Tom Cranstoun is the principal consultant at Digital Domain Technologies Limited and a CMS Critic contributor.
Reflecting on the Boye & Co CMS Kickoff 2024 down in St. Pete Beach, it's clear we're at a tipping point with AI in the CMS space. The event was a melting pot of CMS enthusiasts and experts, all there to predict and shape how we handle CMS. The setup was perfect for learning, networking, and bouncing ideas off one another, with sessions covering a wide range of topics.
We had some standout talks, like Deane Barker's Q&A and Kristina Podnar's insights into Generative AI. Becky Brown and David Rasmussen hit home the importance of change management for content teams. Mike Wills' take on flexible content models for multichannel strategies was enlightening, and Jeff Eaton shed light on how CMS page builders affect team dynamics.
Brian Browning showed us practical AI applications that are changing digital experiences. Debbie Tucek pushed us to think of content as a product, while Ricky Frohnerath's masterclass on high-performance content teams was a game-changer. Nick Rudd's perspective on AI in real-time content generation was eye-opening, and sessions by Marli Mesibov and Brian McKeiver on the CMS buy vs. build dilemma and digital commerce were thought-provoking.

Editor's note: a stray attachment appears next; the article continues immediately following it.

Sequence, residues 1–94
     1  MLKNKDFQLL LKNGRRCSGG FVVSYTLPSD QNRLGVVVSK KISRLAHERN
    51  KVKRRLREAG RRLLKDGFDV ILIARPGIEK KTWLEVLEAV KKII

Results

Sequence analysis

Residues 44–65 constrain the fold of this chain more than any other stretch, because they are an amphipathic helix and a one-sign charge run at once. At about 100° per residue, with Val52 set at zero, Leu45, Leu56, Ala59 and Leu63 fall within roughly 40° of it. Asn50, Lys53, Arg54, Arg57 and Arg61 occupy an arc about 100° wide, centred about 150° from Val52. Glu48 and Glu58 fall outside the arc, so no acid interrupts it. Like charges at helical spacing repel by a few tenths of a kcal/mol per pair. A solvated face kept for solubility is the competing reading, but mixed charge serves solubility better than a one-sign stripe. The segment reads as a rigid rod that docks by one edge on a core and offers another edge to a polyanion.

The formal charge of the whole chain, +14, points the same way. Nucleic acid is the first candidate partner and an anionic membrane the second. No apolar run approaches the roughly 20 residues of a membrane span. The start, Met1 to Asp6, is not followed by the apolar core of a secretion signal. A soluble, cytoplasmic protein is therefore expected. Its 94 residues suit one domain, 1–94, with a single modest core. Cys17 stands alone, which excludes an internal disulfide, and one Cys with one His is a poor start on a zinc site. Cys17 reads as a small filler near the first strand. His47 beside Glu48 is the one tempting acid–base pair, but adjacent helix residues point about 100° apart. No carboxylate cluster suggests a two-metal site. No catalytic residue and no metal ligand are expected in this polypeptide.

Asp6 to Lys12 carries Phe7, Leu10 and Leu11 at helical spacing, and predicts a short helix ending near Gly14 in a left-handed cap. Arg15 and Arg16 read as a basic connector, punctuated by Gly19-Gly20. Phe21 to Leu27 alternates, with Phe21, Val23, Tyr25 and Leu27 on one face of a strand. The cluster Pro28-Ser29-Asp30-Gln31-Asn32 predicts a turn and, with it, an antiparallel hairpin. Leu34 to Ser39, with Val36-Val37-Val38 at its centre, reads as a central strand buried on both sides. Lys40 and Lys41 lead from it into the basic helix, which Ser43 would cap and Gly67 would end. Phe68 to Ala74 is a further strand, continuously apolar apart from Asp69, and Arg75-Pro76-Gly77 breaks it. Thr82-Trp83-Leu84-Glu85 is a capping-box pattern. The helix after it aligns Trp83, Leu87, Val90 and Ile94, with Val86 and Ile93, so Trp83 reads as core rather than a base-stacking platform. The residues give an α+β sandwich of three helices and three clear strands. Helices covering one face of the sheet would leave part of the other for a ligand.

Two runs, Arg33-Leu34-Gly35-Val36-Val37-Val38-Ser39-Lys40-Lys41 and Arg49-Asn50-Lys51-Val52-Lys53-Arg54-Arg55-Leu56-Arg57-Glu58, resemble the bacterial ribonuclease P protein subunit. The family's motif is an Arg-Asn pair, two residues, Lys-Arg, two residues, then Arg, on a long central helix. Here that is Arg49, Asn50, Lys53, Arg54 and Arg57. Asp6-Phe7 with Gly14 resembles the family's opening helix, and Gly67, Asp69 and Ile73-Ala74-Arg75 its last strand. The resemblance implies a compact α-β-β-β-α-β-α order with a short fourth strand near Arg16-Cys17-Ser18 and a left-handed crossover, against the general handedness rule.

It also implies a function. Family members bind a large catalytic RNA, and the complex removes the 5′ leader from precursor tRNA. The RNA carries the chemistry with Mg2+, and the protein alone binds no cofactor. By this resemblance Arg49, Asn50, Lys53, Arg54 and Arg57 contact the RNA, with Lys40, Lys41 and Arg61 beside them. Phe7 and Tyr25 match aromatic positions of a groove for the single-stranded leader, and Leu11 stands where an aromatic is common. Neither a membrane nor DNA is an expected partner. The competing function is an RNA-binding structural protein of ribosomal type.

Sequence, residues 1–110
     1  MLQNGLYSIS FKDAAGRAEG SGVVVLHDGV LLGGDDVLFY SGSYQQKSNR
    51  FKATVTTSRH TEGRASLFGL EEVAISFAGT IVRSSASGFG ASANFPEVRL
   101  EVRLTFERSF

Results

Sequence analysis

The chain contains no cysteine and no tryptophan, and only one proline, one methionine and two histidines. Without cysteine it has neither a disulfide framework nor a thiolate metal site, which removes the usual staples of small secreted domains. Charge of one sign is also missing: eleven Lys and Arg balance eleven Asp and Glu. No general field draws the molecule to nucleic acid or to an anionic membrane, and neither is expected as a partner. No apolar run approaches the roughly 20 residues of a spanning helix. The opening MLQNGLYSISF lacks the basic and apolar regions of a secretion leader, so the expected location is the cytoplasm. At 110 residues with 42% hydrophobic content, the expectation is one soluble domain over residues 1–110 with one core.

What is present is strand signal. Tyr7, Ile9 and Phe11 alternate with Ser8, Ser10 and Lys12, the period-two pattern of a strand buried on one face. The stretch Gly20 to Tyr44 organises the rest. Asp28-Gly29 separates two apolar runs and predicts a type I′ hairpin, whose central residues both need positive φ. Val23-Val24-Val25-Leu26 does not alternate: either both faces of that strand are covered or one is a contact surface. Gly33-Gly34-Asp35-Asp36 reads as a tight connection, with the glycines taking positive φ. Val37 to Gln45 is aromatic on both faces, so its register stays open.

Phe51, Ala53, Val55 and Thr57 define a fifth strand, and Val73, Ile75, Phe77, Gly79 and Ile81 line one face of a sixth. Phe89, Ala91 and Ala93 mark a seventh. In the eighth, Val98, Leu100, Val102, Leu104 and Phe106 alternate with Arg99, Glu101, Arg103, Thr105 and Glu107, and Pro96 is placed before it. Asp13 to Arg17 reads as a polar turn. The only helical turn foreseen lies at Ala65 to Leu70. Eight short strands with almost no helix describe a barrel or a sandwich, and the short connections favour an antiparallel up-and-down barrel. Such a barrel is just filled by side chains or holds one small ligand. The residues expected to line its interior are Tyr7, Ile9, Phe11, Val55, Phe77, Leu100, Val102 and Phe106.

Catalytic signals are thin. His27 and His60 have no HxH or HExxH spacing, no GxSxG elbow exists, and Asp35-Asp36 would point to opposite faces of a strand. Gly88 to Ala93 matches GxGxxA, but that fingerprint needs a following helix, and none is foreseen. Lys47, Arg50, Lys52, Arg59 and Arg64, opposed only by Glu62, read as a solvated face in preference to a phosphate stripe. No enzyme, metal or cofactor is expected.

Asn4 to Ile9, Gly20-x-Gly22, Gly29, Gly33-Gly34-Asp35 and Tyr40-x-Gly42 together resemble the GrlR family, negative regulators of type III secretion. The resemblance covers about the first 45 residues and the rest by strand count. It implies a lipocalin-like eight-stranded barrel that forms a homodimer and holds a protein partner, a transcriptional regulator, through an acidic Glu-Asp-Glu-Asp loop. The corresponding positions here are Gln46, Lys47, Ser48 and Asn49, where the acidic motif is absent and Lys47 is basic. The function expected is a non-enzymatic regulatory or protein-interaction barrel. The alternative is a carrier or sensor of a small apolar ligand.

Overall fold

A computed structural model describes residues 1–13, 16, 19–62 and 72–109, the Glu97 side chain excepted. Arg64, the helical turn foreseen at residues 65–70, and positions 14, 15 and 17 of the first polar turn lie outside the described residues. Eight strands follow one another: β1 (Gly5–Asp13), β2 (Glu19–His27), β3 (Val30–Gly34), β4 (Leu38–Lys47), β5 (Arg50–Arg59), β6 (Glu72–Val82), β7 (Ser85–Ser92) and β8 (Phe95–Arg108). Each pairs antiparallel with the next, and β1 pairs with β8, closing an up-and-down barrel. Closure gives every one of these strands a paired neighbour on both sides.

I noted that the agenda of the CMS Kickoff 2024 offered only a slight focus on AI. The speakers often mentioned it during their talks; it’s very “of the moment” in our industry.
I, like you, have been to many seminars, presentations, and conferences around AI and what it will do for you and your content. I was pleasantly surprised this was not about AI creating the content – it was about AI reading the content. It turned my expectations upside down, fired up my brain, and I could not stop taking notes.